Andy Murray said his friend's cancer fight changed his perspective in the run-up to Wimbledon.
Ross Hutchins, Murray's Davis Cup team-mate, was diagnosed with Hodgkin's Lymphoma last year and has just finished six months of chemotherapy.
Murray said that although he felt huge pressure to win Wimbledon, Hutchins' illness had influenced his thinking.
The Wimbledon champion said: "He's extremely young to have something like that happening. It's shocking.
"When he asks you how you're feeling - like after my semi-finals or the final in Australia at the beginning of the year - you think twice because it's not that bad in comparison to what he's going through. It definitely changes your perspective, for sure."
Murray has been involved in Hutchins' fundraising efforts for the Royal Marsden Hospital by donating his winner's cheque from his victory at Queen's.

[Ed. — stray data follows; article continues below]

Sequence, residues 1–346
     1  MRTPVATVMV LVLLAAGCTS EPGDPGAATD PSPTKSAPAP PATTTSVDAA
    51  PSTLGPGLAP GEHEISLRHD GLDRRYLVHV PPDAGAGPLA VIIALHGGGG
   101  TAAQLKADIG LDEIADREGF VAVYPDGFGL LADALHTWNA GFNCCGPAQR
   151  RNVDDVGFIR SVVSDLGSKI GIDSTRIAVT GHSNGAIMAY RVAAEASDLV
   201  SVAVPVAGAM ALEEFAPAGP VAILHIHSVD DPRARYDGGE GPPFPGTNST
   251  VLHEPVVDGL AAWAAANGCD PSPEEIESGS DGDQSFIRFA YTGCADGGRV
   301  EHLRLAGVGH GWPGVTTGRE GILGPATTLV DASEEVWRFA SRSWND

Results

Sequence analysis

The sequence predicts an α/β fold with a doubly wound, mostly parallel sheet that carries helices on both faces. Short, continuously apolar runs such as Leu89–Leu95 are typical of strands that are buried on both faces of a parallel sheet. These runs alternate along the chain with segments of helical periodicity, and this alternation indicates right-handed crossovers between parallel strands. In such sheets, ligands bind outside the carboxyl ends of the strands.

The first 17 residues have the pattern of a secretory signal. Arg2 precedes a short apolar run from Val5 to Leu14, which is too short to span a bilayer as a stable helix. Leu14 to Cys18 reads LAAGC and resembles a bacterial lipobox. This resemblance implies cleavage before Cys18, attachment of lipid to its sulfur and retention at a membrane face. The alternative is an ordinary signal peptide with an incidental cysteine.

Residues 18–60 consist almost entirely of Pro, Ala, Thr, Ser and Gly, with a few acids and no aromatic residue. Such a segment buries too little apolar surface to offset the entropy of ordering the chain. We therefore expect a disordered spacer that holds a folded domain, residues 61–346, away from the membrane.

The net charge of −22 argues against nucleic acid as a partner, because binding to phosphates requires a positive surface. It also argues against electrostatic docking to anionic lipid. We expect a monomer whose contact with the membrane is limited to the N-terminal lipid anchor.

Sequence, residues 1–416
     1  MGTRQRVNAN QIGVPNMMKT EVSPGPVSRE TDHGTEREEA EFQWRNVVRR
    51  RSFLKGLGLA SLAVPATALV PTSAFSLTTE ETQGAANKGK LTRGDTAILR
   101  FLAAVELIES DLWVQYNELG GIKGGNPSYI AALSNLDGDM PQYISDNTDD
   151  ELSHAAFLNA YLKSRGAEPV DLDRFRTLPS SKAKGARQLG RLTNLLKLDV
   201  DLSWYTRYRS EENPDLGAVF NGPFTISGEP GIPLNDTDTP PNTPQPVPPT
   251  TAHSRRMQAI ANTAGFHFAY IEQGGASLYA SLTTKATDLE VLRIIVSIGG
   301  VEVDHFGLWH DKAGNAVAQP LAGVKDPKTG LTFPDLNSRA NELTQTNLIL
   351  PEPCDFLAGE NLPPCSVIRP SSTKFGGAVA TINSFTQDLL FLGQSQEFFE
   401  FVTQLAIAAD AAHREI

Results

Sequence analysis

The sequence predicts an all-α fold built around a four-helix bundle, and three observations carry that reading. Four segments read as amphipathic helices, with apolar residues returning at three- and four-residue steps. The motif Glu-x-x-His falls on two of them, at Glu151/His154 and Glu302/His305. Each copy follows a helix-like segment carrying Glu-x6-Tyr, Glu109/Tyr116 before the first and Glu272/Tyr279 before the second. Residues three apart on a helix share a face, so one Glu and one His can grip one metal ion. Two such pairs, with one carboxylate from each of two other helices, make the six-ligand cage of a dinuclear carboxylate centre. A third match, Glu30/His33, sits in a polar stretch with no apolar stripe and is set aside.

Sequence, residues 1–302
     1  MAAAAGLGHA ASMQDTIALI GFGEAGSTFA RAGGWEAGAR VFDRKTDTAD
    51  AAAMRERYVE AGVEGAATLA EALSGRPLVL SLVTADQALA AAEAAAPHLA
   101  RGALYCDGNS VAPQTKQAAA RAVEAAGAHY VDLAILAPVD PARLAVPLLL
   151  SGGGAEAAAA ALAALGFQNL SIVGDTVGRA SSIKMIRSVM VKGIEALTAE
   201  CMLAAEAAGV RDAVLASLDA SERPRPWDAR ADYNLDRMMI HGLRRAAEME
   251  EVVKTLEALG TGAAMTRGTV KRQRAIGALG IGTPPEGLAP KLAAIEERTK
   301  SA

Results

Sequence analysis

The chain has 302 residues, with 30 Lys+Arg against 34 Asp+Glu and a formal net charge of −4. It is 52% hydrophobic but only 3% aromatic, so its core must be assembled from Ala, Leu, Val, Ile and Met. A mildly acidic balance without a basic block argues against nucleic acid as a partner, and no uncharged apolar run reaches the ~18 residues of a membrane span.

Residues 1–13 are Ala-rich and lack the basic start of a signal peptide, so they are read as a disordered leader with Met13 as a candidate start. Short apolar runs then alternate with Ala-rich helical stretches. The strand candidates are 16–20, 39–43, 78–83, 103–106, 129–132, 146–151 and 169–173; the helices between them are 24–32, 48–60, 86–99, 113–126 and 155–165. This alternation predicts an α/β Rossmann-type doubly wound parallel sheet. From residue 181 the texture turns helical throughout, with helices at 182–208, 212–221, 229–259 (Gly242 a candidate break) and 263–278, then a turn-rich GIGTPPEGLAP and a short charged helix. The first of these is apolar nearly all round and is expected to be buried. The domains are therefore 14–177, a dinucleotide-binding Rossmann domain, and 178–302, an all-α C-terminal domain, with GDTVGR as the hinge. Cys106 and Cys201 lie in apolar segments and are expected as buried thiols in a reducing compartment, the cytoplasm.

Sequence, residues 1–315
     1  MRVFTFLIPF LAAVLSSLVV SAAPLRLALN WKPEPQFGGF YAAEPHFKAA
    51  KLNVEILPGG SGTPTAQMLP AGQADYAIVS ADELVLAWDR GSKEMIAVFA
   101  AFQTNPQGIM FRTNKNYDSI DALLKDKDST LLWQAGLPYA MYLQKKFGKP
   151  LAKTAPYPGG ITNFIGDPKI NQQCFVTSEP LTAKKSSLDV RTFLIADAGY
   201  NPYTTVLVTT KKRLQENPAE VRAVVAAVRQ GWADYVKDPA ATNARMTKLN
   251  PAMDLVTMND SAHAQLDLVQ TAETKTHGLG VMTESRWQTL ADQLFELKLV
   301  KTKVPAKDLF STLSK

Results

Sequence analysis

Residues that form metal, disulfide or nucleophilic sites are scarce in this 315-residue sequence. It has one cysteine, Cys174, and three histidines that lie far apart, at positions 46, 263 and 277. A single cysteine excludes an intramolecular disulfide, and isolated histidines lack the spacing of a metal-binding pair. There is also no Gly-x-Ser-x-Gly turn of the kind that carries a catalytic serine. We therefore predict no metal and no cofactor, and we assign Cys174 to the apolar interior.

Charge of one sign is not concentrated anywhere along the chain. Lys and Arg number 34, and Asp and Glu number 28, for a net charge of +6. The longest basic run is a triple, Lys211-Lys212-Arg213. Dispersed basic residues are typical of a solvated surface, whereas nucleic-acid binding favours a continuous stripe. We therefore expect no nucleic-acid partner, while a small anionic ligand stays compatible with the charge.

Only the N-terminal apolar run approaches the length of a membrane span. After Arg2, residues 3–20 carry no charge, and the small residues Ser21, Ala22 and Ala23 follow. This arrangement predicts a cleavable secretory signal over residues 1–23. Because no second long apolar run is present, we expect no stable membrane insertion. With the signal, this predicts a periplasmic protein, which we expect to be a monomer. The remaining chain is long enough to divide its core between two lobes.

Hutchins, who said he was "ecstatic" after Murray's win, aims to be back on the tour next year.
Despite his historic win, Andy Murray remains modest, telling ITV News he doesn't feel he deserves it for winning a sports event.
Andy Murray became the first British man to win Wimbledon since Fred Perry in 1936. Here we look at the tennis star's career in pictures.
After Andy Murray's Wimbledon victory yesterday, we look at British hopefuls looking to replicate his achievements.